It’s tricky stuff and Hitesh Mittal gives a good overview in Are You Playing In A Toxic Dark Pool? where he goes over the wide proliferation of types of dark pool and the various opportunities to exploit information leakage from these supposedly informationless black holes. However, they’ll continue to be used because they offer institutions, in particular, the possibility of executing trades at lower cost.

The issue is, really, is this fair? After all the point of an open market is that if someone buys or sells the market price changes to reflect this and, in so doing, a fair price for the security is established. By conducting trades behind closed doors and denying the markets access to valid pricing information there’s a case that we’re seeing price manipulation rather than some kind of zero sum, no information trading situation. Yet if no information is being passed from the dark side to the light how can this be? How can dark pool transactions make any difference, information leakage aside, to the real market?

Well one way is though the removal of liquidity from open markets. If someone or some institution decides they want to trade and decide to do so in the informationless vacuum of a dark pool this means that liquidity is being removed from the real markets. In an extreme case you could see massive dark side volumes resulting in virtually no price change.

Jedi Knights Need Not Apply

This loss of liquidity from open markets is a genuine issue and regulators are starting to worry about it even as the number of dark pools available multiplies. Ironically as the number of dark side options increases and liquidity fragments the opportunities for algorithmic trading routines to expose dark side trades also goes up. It’s an arms race in which we, the punter in the street, is a mere bystander.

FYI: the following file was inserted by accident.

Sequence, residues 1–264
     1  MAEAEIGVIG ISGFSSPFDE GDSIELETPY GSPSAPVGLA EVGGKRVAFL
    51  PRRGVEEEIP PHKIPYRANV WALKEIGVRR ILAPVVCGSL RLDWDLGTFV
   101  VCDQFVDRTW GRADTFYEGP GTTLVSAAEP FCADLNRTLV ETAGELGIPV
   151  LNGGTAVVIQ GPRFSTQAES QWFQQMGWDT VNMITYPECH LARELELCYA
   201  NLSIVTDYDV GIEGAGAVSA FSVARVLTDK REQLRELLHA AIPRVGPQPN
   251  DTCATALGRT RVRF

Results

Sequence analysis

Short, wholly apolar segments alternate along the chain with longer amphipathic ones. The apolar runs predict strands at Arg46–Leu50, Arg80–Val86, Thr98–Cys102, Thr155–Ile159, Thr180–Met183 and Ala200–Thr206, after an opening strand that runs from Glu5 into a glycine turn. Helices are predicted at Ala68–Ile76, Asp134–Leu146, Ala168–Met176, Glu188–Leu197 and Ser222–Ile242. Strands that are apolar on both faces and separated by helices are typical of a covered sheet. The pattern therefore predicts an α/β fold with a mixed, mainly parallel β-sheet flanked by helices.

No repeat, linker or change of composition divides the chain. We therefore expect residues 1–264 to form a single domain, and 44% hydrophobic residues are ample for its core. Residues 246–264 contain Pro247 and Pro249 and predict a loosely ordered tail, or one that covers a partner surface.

Yet although it’s possible to imagine many mispricing scenarios arising through the use of dark pools, another way in which the power and financial muscle of institutions can be used against smaller investors in the short-term, this shouldn't really be an issue for most private investors. The answer is, as ever, to not worry about short-term voting and instead concern ourselves about longer term weighing of the investment opportunities inherent in any stock. Because, for the long term and patient investor, the stockmarket is a game on a field slanted in our direction: we don’t need Jedi knights to tell us that.

Related articles: The Rise of the Machines, Quibbles With Quants, You Can't Trust the Experts With Your Investments